Thursday, June 20, 2019

"I think this record is a smash!"

Mr. Neil Bogart
Sometime in the late 1990s, the Fleshtones were banging around in a tour van. Among the books shuffled among the band members was Fredric Dannen's Hit Men: Power Brokers and Fast Money Inside the Music Business. The chapter about the infamous Casablanca Records' owner Neil Bogart and his legendary hubris, cockiness, and over-spending inspired guitarist Keith Streng to pen an ode to the label and the coke-fueled era. "Men like Bogart made it possible," Dannen writes. "Casablanca was the first label composed entirely of promotion people. Its unofficial motto, 'Whatever It Takes,' became the industry’s rallying cry."
The idea took hold that selling the product was just as important—maybe more important—than the product itself. And it appeared to work.  When Casablanca conquered the charts, it did not dawn on the industry, or even PolyGram at first, that the company was losing vast sums of money. Sales were great, but the cost of selling was greater. “Whatever It Takes” was a recipe for profitless prosperity, and that is what the entire record business suffered in the end.
One of the label's early releases was the album Here’s Johnny: Magic Moments from the Tonight Show," a "compendium of comedy bits from Johnny Carson’s program, featuring talents such as Bette Midler, Lenny Bruce, and Groucho Marx." With his patented blend of shrewdness and blind faith in his own rightness, Bogart promoted the album to the max, and the label's independent distributors put in a large order. Dannen writes dryly, "The demand did not match the supply. Comedian Robert Klein took the occasion to coin what has become a standard industry joke: The record shipped gold and returned platinum. ('Not really,' said Casablanca’s Bruce Bird. 'It shipped platinum and came back double platinum') But because the distributors had put in for so many copies, Casablanca had the cash flow it needed to survive until its luck changed. It was symbolic." Dannen added, "A gargantuan flop kept the company going." Bogart pushed his luck—it was a personality trait—and in 1978 shipped hundreds of thousands more copies of the four KISS solo albums then the market could realistically bear. By that point, record store were routinely returning unsold albums, and the substantial money drain was among the nails in Casablanca's gilded coffin. This didn't stop KISS from unironically naming their 1978 greatest hits collection Double Platinum.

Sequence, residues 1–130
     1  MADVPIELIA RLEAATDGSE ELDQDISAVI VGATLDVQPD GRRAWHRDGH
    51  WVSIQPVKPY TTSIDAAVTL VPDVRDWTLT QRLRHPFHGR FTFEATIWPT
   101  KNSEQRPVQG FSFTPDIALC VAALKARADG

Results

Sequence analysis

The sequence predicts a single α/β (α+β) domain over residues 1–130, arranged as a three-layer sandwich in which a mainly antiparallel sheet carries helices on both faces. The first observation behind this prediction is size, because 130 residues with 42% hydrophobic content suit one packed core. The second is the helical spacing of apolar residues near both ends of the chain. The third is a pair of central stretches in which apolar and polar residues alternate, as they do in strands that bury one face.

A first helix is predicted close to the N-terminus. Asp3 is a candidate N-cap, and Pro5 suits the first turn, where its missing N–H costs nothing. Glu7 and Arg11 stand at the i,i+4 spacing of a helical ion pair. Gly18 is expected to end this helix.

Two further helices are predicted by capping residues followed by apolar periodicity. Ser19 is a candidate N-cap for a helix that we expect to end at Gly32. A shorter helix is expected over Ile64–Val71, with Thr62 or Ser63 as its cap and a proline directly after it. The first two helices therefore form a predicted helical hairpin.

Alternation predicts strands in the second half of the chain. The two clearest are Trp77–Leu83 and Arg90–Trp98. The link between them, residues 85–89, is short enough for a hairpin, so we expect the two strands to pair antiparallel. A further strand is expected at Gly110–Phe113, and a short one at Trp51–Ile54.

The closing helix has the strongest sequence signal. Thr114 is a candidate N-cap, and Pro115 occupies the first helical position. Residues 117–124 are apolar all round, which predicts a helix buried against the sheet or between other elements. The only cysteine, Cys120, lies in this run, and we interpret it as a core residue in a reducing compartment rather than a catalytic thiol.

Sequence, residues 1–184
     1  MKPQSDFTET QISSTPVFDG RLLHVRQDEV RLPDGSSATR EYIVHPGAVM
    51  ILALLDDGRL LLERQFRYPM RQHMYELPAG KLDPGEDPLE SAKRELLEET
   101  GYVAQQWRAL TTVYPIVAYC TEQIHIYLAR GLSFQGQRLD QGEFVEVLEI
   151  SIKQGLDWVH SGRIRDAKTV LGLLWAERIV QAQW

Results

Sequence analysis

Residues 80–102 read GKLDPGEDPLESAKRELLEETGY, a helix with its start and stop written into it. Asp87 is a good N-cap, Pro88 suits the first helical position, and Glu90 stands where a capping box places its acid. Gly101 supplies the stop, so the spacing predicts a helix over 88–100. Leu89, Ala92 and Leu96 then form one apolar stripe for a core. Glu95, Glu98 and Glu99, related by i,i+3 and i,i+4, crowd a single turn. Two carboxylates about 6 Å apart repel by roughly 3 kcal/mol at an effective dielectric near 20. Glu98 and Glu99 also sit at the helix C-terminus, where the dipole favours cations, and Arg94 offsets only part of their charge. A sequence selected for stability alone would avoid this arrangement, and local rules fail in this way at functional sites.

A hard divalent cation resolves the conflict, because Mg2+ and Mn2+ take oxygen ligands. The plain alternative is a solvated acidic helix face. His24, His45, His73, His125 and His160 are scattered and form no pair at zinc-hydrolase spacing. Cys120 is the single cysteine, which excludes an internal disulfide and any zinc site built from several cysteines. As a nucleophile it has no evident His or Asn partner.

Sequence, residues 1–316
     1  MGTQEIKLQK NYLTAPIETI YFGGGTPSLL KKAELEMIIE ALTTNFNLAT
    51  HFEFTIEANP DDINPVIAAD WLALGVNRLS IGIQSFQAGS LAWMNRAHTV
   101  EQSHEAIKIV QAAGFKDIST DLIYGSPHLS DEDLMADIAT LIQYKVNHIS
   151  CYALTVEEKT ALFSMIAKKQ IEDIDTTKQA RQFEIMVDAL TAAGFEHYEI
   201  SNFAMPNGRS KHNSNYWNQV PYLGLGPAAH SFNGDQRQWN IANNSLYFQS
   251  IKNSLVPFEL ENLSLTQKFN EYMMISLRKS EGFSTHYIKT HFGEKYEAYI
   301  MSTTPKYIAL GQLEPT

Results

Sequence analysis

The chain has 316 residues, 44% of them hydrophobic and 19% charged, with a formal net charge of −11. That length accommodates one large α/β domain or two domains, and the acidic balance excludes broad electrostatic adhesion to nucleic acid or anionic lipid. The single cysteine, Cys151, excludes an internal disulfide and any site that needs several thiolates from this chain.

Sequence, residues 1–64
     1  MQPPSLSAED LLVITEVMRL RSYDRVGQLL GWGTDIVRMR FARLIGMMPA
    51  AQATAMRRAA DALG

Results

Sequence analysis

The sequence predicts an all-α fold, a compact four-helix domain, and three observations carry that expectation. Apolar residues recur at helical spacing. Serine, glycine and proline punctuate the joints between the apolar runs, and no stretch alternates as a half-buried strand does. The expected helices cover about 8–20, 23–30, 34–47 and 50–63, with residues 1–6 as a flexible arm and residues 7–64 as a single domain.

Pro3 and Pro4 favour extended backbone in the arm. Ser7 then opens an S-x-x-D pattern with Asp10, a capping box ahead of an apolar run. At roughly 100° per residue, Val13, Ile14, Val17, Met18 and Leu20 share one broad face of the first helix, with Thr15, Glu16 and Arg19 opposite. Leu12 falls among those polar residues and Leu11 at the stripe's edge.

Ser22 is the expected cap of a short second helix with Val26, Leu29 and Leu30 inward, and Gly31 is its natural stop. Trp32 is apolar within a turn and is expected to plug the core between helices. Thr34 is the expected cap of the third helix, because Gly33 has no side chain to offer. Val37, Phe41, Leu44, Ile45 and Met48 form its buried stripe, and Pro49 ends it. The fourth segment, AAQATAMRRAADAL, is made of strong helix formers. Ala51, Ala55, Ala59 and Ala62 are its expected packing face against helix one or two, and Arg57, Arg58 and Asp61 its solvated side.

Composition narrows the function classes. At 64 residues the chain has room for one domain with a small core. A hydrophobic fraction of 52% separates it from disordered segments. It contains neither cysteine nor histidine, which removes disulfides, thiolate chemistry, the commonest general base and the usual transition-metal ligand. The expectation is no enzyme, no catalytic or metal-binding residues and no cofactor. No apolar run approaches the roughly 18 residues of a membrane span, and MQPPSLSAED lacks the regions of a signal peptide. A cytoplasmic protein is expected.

Streng's song, suitably titled "Whatever It Takes," appeared on the Fleshtones' Solid Gold Sound in 2001, and name checks the label's infamous missteps as it cheerfully celebrates the era's excesses and Bogart's endless hype.
Whatever it takes, I'll take
anything anytime anyplace
Whatever it takes I'll take tonight 
We shipped gold but it returned platinum
Like Casablanca, it's a blast
Every day, another party
Too bad it just can't last 
Whatever it takes, I'll take
anything anytime anyplace
Whatever it takes, I'll take
The drinks on the house tonight
Whatever it takes, I'll take
We'll spare no expenses tonight
Whatever it takes I'll take tonight
Champagne and coke, we need to celebrate
"I think this record is a smash!"
Mr. Neil Bogart should be our President
and we'll be rolling in lots of cash 
Donna Summer, KISS comes Alive tonight....
We need the Village People so we can party all night! 

And, well just because, here's the band performing "Whatever It Takes" at a bowling alley in Stockholm, Sweden in 2011.



"Whatever it Takes," words and music by Keith Streng (Nascha Music, BMI)

1 comment:

Emily said...

Great background story! Excellent read and bit of history.

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